Bengaluru

Bengaluru: Illusionary triumph of technology over ecology

asdasda  

We tend to think of cities like Bengaluru as ecologically homogeneous. Rather than local ecology or geography, it is likely to be ‘pragmatic’ considerations of distance to transport hubs, office, home or school, that shape our decisions of where to live, work and build. Yet the history of settlement and growth in the pre-modern landscape of Bengaluru reveals basic ecological wisdom that we need to recover from our ancestors.

Centuries before the creation of the market town by Kempe Gowda in 1537, inscriptions on copper plates, stones and monuments tell us of at least 75 thriving villages in the landscape of Bengaluru from 517 CE onwards.

Situated in the Deccan plateau, Bengaluru is in a semi-arid region where water is scarce.

Seasonal streams were exploited by early settlers in the eastern grassy plains, who cleared thorny vegetation, deepened existing wetlands and created tanks or lakes.

They used this water to create a flourishing agricultural and horticultural landscape.

In the west, with its undulating rocky terrain, establishing agriculture was more difficult, and cattle herding was the main form of livelihood.

Thus did the villages in this pre-urban landscape deal with variegated undulating terrain, soil and rainfall patterns, deftly managing nature to create tanks, grow paddy and millets, fruit and flower orchards, nurture cattle herds and take part in heroic battles of cattle raids, in a landscape surrounded by jungles and wild beasts.

These early settlements constitute a phase of ‘first nature’ when the shape and growth of the city responded to constraints of terrain and geography. Once Kempe Gowda and his successors created and expanded the market city of Bengaluru, urban development moved to a period influenced by ‘second nature’ when the city began to free itself of the apparent constraints imposed by nature.

Successive rulers reshaped the fundamental nature of the land, clearing jungles in some areas and encouraging dense growth in other locations as barricades against raids.

Aggressive tree plantation

The city was greened through aggressive tree plantation of exotics, with aggressive rainwater harvesting through creation of lakes and wells.

A crisis of drought led to the import of piped water from distant rivers, apparently liberating Bengaluru from its dependence on local nature in the 20th century.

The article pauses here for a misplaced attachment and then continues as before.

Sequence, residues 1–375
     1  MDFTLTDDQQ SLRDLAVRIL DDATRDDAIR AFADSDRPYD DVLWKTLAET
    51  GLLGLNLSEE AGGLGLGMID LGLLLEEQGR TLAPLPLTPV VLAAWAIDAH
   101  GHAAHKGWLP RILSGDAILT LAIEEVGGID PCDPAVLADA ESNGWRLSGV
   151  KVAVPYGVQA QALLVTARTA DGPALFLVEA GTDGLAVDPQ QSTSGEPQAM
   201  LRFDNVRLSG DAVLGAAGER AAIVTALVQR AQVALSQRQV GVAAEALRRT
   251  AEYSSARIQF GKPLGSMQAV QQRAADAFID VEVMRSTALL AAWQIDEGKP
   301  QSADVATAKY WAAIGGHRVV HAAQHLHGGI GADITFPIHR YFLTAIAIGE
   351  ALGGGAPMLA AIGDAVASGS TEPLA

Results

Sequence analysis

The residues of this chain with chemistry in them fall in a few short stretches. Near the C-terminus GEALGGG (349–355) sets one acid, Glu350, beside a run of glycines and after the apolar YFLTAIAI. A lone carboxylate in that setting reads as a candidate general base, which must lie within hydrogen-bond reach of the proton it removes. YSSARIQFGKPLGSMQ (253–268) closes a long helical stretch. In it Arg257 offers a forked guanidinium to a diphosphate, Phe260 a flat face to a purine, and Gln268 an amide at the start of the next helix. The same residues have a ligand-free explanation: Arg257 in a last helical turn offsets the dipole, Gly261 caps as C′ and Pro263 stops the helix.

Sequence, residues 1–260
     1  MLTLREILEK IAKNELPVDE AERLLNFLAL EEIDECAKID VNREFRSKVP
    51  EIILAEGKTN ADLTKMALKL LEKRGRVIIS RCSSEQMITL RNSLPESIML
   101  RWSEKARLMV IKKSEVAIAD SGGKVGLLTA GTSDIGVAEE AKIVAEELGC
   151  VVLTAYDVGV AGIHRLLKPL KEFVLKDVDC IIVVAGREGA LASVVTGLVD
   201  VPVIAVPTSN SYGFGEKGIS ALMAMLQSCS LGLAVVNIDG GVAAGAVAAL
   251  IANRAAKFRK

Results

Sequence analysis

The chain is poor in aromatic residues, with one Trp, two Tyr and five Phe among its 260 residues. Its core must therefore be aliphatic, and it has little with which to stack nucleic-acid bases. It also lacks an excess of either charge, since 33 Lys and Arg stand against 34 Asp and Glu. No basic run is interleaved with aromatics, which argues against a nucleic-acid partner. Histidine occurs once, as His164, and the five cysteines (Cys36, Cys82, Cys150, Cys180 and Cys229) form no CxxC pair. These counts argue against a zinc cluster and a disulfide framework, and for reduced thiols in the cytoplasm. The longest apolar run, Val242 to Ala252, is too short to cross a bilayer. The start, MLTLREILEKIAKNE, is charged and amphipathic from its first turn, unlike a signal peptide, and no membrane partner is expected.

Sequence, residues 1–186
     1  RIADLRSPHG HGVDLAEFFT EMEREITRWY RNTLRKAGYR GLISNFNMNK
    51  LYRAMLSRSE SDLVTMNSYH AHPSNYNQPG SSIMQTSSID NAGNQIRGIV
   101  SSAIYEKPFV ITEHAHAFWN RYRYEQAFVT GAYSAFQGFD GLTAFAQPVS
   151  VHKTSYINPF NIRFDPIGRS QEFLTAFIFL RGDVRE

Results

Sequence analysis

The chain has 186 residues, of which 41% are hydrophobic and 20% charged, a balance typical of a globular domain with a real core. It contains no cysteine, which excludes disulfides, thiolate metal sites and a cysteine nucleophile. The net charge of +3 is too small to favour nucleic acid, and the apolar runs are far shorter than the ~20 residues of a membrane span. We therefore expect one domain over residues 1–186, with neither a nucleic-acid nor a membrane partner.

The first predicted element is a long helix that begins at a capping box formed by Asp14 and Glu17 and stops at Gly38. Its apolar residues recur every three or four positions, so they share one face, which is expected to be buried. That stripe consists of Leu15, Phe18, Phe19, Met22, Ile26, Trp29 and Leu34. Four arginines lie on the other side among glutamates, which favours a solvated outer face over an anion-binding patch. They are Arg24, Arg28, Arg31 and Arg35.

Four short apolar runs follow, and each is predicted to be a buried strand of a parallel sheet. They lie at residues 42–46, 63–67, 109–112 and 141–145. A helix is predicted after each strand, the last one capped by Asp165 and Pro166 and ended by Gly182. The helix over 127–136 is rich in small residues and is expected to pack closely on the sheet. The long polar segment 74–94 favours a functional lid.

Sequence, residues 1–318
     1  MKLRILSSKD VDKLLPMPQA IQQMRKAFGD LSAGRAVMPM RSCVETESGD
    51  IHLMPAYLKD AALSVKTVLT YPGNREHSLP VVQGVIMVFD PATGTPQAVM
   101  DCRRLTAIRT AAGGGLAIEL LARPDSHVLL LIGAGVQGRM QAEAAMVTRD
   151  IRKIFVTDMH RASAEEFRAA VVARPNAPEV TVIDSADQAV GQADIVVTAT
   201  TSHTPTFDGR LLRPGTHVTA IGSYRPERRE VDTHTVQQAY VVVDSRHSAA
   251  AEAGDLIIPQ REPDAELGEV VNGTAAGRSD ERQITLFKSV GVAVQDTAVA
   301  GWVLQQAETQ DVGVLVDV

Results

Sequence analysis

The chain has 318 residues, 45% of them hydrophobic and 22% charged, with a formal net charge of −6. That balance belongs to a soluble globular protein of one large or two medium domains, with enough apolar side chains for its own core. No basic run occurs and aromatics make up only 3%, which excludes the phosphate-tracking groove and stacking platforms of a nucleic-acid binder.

This led to our current phase of ‘third nature’ where it seems as though we have attained the ability to achieve complete control over nature through technology. Wetlands are drained and filled, and rocky granite hillocks blasted and razed to provide apparently identical building fodder for the insatiable construction industry that seems to constitute the hallmark of a modern Indian city. Water, food, energy are seemingly inexhaustible resources to be imported from outside while waste can be sent out to unquestioningly engulf rural villages. Yet, this is a mirage.

The city cannot escape the limitations of ecology, as is increasingly evident. As the hinterland rightly refuses to absorb our waste, sewage and garbage accumulation increases epidemic outbreaks, such as dengue, and swine flu. Our ignorance of basic hydrology and rainfall seasonality leads to the truly ironic situation of flooding in the monsoon and droughts in summer. Air pollution is one of our biggest causes of death and reduced life expectancy. The continuing encroachment of forests creates repeated encounters with leopards, elephants and other wildlife.

The balance between nature and the urban landscape is misleadingly flexible: it has been stretched, bent and reshaped, but is now beginning to snap, giving us fair warning. We ignore the importance of nature in the city at our peril.

( Harini Nagendra is a professor of Sustainability at Azim Premji University, and the author of ‘Nature in the City: Bengaluru in the Past, Present and Future’, Oxford University Press, 2016)